Marine Pollution Effects Humanity
Ocean has become more polluted than ever in past century due unpleasant use of man made productions as you know that today common man-made pollutants that reach the ocean include pesticides, herbicides, chemical fertilizers, detergents, oil, sewage, plastics, and other solids. It occurs when harmful, or potentially harmful, effects result from the entry into the ocean of
particles, industrial, agricultural, and residential waste, noise, or the spread of invasive organisms. Eighty percent of marine pollution comes from land. Many of these pollutants collect at the ocean’s depths, where they are consumed by small marine organisms and introduced into the global food chain that cause many other health related problems to humanity
As per the recent study the cumulative amount of plastic produced since the mid-20th century is of the order of 5 billion tons, enough to wrap the Earth in a layer of plastic wrap. The amount projected by 2050, on current trends, is about 40 billion tons, which is enough to wrap 6 layers of plastic wrap around the planet. Plastics are estimated to represent between 60 and 80% of the total marine debris. Manufactured in abundance since the mid-20th century, most of the plastics that have been produced are still present in the environment.
Today these are most commonly found way how it gets polluted, Common items of marine litter in the sea include cigarette butts, crisp/sweet packets, cotton bud sticks, bags and bottles. Man-made items of debris are found in marine habitats throughout the world, from the poles to the equator, from shorelines and estuaries to remote areas of the high seas, and from the sea surface to the ocean floor. About 80% of marine litter comes from land-based sources (eg. through drains, sewage outfalls, industrial outfalls, direct littering) while 20% comes from marine-based activities such as illegal dumping and shipping for transport, tourism and fishing.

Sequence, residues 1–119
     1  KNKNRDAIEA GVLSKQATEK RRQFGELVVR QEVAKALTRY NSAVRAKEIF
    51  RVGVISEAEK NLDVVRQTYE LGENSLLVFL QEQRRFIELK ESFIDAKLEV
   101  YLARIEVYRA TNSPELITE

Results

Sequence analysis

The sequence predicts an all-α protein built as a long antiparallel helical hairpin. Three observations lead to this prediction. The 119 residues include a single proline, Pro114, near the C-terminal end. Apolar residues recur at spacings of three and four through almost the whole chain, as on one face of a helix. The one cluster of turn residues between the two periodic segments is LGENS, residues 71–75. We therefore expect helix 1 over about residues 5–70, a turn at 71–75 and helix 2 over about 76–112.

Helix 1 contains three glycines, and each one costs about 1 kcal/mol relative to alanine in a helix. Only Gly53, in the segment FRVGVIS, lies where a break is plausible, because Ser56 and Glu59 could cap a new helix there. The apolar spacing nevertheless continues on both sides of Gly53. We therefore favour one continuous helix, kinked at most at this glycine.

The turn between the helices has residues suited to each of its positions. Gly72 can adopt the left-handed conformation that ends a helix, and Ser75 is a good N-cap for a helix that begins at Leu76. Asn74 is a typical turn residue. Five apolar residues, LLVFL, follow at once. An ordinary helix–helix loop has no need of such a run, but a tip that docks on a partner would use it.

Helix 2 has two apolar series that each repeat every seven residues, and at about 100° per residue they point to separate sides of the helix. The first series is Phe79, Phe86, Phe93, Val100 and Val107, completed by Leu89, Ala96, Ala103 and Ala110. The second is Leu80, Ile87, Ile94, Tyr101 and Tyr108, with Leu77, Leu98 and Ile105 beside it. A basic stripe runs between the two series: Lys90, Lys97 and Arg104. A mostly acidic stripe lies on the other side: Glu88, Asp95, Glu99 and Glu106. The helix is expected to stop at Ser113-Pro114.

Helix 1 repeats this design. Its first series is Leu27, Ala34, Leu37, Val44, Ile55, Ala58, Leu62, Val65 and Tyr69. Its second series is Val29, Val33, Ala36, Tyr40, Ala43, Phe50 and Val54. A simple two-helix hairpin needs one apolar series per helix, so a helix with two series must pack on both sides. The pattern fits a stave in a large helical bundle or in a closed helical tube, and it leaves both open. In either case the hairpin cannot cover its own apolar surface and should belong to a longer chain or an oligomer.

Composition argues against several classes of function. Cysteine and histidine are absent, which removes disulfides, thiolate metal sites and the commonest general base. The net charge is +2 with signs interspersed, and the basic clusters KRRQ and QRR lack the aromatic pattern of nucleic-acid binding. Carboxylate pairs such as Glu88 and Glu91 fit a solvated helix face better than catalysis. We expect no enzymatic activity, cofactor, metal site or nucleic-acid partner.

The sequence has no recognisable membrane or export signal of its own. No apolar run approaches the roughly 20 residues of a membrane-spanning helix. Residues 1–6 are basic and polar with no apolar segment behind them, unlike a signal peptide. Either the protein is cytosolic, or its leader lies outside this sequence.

Human health can also be significantly influenced by marine litter in the form of physical damage, e.g. injury from debris such as broken glass or indirectly by chemicals, toxins or bacteria in the water. In addition, plastic particles have been found in a wide variety of species that we eat, such as bivalves (e.g. mussels), crustaceans (e.g. crabs) and fish. The risk of chemicals adhered to plastics transferring through the food web from marine organisms to humans has not yet been fully assessed and represents an important knowledge gap. Sea Change suggests that the best way we can all help is to minimize new litter entering the marine environment.
Pollution does not only affect marine life and their environment, it also affects mankind. If humans are exposed to these toxic chemicals for long periods of time, then this can result in dangerous health problems, which include hormonal issues, reproductive issues, and damage to our nervous systems and kidneys.
Let’s work together towards reducing the marine pollution and use the advanced technology for alternative recycle production and also established ocean cleaning methods for the existing waste that has been deposited in the ocean.